As I mentioned in the last post, I was wondering why so many questions were left unanswered. Like, why we don’t have any information about Paul standing before Caesar? Why we don’t have any stories telling us about one rescue after another until Paul arrived in Rome, and then in the final chapter of the book, why don’t we hear anything about his trial, and particularly its outcome?
I suppose one easy answer is that Luke completed Acts before these things happened. You can’t write about something that hasn’t happened yet, right? Now if this is the case, we have to believe that God must not have considered an account of these events to be essential for Christians; otherwise, later writings containing these accounts would have been included in the New Testament canon. That being said, there are several historical and unofficial writings, that give some of Paul’s history. But now, setting these time-related questions aside, there are still some things we would like to know: Like why isn’t ther more emphasis on Paul’s Gentile ministry (or ministry in general) in Rome? Why is there so much more emphasis on the shipwreck in chapter 27 and the beginning of chapter 28 than on Paul’s time in Rome in chapter 28? Well shoot, along that line, why is there so much emphasis on Publius and his family, and yet none on Caesar?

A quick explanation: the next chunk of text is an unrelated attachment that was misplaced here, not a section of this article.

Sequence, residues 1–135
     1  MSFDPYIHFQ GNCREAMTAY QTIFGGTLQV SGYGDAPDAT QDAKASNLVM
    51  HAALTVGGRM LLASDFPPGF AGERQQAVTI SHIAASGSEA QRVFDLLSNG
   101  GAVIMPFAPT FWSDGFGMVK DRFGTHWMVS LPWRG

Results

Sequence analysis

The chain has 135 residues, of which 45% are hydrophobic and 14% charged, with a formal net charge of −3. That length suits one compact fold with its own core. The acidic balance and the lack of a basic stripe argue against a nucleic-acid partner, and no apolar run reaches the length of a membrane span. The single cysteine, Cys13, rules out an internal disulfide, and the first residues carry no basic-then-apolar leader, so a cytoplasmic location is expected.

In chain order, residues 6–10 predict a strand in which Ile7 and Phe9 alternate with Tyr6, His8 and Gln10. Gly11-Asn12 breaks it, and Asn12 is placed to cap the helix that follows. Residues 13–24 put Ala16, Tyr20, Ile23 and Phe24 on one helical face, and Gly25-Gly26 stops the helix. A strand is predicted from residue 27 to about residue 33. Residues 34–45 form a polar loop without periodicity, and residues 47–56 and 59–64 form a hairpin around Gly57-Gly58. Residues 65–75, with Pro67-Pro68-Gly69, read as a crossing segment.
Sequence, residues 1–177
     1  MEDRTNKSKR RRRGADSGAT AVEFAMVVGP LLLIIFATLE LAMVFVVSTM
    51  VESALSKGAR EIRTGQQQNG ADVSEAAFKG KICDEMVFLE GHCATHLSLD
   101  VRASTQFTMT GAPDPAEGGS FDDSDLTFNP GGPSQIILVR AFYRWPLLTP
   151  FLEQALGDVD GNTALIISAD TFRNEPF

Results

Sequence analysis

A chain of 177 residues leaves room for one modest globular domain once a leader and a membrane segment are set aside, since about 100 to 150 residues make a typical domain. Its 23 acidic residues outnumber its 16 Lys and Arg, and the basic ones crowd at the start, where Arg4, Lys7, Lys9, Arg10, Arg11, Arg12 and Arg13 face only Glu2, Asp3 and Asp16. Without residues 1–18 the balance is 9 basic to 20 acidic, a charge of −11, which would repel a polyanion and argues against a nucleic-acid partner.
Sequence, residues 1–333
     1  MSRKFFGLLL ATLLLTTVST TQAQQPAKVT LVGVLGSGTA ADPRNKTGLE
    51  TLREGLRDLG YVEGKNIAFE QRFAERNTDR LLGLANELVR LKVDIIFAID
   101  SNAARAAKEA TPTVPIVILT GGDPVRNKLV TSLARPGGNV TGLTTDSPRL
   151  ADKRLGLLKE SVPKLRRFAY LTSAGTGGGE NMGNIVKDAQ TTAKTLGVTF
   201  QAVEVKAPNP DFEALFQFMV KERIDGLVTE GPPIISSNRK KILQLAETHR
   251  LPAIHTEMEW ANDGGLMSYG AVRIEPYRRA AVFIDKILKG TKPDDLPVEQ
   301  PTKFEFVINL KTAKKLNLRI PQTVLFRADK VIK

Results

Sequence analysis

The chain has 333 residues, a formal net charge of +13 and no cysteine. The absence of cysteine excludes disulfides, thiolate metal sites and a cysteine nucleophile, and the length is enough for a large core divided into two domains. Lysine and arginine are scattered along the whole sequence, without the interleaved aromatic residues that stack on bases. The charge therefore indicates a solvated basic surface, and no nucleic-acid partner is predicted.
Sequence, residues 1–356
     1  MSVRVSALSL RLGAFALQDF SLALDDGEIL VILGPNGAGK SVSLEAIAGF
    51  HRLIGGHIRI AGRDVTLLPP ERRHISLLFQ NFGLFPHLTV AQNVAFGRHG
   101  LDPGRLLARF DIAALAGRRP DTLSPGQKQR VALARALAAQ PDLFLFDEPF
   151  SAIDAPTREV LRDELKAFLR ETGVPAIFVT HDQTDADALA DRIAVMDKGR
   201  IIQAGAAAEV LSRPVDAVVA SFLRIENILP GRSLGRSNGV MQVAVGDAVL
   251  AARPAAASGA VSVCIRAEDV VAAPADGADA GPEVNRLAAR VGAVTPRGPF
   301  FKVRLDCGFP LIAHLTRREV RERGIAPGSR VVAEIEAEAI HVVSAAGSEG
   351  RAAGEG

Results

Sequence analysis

All that is well and good, but after reading everything we have covered so far, why was it so important for Paul to reach Rome when there was already a church there? What did Paul’s visit to Rome accomplish? Why did he use such strong words (citing from Isaiah 6) in responding to the Jewish leaders in Rome when their rejection of the gospel was neither unanimous nor violent?
Like I said, as we come to the end of the Book of Acts, we are left with a lot of our questions unanswered. Before I would have tried to explain this by saying that Luke intended to write yet another volume or, he assumed that a “third volume” is even now in the process of being “written.” We don’t know . . . maybe Luke concluded the Book of Acts exactly the way he wanted to. It could be. The problem isn’t that Luke has left important things out of his account; the problem is that we are looking for the wrong things, rather than paying attention to what Luke is trying to tell us. So let’s get into this chapter and see what we can discover . . .